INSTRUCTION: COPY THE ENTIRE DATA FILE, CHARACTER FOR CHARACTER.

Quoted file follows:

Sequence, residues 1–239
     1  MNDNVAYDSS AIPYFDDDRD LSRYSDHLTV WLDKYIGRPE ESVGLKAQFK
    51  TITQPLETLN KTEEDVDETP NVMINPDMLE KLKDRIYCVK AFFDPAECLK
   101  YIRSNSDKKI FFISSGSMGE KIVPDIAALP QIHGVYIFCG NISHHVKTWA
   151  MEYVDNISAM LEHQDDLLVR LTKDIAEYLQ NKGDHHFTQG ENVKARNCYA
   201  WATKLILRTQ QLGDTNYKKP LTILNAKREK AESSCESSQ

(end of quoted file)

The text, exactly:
Sequence, residues 1–239
     1  MNDNVAYDSS AIPYFDDDRD LSRYSDHLTV WLDKYIGRPE ESVGLKAQFK
    51  TITQPLETLN KTEEDVDETP NVMINPDMLE KLKDRIYCVK AFFDPAECLK
   101  YIRSNSDKKI FFISSGSMGE KIVPDIAALP QIHGVYIFCG NISHHVKTWA
   151  MEYVDNISAM LEHQDDLLVR LTKDIAEYLQ NKGDHHFTQG ENVKARNCYA
   201  WATKLILRTQ QLGDTNYKKP LTILNAKREK AESSCESSQ